import Control.Concurrent (threadDelay) import Control.Monad (forever) import Control.Distributed.Process import Control.Distributed.Process.Node import Network.Transport.TCP (createTransport, defaultTCPParameters) replyBack :: (ProcessId, String) -> Process () replyBack (sender, msg) = send sender msg logMessage :: String -> Process () logMessage msg = say $ "handling " ++ msg main :: IO () main = do Right t <- createTransport "127.0.0.1" "10501" defaultTCPParameters node <- newLocalNode t initRemoteTable -- Spawn a new process on a local node forkProcess node $ do -- Spawn worker inside one more process on the local node echoPid <- spawnLocal $ forever $ do -- Test the matches in order against each message in the queue receiveWait [match logMessage, match replyBack] -- `say` sends a message to the process registered as logger. -- By default, this process simply sends the string to stderr. say "send some messages!" send echoPid "hello" self <- getSelfPid send echoPid (self, "hello") -- like `expect` (waits for a message), but with timeout m <- expectTimeout 1000000 case m of -- Die immediately - throws a ProcessExitException with the given reason. Nothing -> die "nothing came back!" (Just s) -> say $ "got back " ++ s return () -- A 1 second wait. Otherwise the main thread can terminate before -- our messages reach the logging process or get flushed to stdio liftIO $ threadDelay (1*1000000) return ()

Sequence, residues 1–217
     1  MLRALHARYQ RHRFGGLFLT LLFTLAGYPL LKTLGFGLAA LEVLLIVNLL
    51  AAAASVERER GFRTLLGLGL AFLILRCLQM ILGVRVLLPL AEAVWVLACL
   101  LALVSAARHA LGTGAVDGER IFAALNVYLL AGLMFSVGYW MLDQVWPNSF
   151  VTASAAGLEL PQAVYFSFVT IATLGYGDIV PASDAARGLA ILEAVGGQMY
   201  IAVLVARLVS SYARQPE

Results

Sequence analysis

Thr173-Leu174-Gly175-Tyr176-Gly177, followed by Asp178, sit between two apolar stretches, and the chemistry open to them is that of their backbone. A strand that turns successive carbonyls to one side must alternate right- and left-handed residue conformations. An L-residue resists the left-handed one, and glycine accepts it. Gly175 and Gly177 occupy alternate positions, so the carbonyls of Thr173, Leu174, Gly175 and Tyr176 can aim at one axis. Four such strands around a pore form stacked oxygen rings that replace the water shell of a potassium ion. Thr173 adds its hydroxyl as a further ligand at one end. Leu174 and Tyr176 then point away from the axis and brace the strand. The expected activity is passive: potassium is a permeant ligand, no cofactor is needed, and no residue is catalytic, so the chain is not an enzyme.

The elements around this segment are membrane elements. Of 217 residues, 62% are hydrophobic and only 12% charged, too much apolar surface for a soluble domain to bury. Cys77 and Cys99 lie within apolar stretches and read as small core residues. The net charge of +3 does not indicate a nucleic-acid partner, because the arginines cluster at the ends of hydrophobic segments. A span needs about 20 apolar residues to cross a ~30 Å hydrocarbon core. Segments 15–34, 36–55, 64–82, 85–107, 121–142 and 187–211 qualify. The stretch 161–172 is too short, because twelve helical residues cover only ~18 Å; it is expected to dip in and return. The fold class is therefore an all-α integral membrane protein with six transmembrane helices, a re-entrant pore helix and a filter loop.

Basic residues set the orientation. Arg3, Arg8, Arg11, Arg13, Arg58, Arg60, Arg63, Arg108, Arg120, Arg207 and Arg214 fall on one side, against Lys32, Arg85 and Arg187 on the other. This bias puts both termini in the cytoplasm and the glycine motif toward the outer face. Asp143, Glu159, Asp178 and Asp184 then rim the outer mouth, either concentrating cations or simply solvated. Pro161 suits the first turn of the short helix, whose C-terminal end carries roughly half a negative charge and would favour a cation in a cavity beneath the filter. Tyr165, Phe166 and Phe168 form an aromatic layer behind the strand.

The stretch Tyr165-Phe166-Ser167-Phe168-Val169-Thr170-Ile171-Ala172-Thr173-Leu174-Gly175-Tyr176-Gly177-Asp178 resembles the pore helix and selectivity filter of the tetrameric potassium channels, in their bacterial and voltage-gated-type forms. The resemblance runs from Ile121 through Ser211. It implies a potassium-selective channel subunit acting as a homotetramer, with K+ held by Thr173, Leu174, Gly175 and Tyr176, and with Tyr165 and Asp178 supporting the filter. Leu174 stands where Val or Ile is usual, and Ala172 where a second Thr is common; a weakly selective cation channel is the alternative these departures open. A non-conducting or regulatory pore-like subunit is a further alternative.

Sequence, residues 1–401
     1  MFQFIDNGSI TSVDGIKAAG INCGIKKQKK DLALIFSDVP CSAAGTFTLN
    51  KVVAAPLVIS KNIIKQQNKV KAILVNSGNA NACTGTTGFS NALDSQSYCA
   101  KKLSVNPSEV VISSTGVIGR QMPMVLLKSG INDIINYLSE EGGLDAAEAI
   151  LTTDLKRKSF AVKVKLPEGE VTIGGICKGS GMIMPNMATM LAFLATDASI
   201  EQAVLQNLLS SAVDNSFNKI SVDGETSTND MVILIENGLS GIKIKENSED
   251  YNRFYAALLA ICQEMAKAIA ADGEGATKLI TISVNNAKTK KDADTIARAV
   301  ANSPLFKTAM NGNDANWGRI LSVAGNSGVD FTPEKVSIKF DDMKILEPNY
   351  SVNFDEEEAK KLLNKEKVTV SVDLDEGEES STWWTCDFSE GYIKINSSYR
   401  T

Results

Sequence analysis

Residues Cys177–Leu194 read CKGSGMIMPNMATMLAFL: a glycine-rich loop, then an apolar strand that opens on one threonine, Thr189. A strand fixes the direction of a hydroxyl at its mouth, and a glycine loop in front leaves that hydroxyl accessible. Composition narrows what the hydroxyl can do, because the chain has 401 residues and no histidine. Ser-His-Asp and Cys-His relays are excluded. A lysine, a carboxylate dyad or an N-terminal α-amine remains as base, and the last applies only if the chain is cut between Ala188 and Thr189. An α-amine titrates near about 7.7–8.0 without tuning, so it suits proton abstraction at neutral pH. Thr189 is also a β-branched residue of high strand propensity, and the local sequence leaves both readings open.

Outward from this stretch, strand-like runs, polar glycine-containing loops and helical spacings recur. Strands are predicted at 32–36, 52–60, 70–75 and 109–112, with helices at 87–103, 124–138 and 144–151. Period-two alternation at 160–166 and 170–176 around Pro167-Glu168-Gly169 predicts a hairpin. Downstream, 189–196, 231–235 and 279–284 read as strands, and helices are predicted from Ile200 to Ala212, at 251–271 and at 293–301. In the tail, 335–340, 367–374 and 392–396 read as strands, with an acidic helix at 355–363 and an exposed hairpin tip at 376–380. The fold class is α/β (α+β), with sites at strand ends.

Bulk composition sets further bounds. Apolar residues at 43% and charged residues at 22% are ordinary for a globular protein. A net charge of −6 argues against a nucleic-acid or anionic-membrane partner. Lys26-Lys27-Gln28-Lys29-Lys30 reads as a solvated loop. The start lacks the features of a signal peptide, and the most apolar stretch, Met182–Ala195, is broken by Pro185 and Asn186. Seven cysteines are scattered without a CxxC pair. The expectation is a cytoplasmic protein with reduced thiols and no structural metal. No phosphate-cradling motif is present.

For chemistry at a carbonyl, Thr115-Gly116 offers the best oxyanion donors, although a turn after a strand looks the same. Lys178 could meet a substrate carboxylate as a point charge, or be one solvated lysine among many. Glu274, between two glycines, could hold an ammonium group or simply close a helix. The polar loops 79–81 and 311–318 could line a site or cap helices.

Note that we’ve used a
receive class of function this time around. These functions work with the
Match data type, and provide a range of advanced dispatching options. The
match construct allows you to construct a list of potential message handlers and have them evaluated against incoming messages. Our first match indicates that, given a tuple
t :: (ProcessId,
String) we will send the
String component back to the sender’s
ProcessId. Our second match prints out whatever string it receives.
Also note the use of a ‘timeout’ (given in microseconds), which is available for both the
receive variants. This returns
Nothing unless a message can be dequeued from the mailbox within the specified time interval.
Processes can send data if the type implements the
Serializable typeclass, which is done indirectly by implementing
Binary and deriving
Typeable. Implementations are already provided for primitives and some commonly used data structures.
In order to spawn a process on a node we need something of type
Closure (Process ()). In distributed-process if
f : T1 -> T2 then
$(mkClosure 'f) :: T1 -> Closure T2
That is, the first argument the function we pass to mkClosure will act as the closure environment for that process; if you want multiple values in the closure environment, you must tuple them up.
In order to spawn a process remotely we will need to configure the remote table (see the documentation for more details) and the easiest way to do this, is to let the library generate the relevant code for us. For example (taken from the distributed-process-platform test suites):
sampleTask :: (TimeInterval, String) -> Process String sampleTask (t, s) = sleep t >> return s $(remotable ['sampleTask])
We can now create a closure environment for
sampleTask like so:
($(mkClosure 'sampleTask) (seconds 2, "foobar"))
The call to
remotable generates a remote table and generates a definition
__remoteTable :: RemoteTable -> RemoteTable in our module for us. We can compose this with other remote tables in order to come up with a final, merged remote table for use in our program:
myRemoteTable :: RemoteTable myRemoteTable = Main.__remoteTable initRemoteTable main :: IO () main = do localNode <- newLocalNode transport myRemoteTable -- etc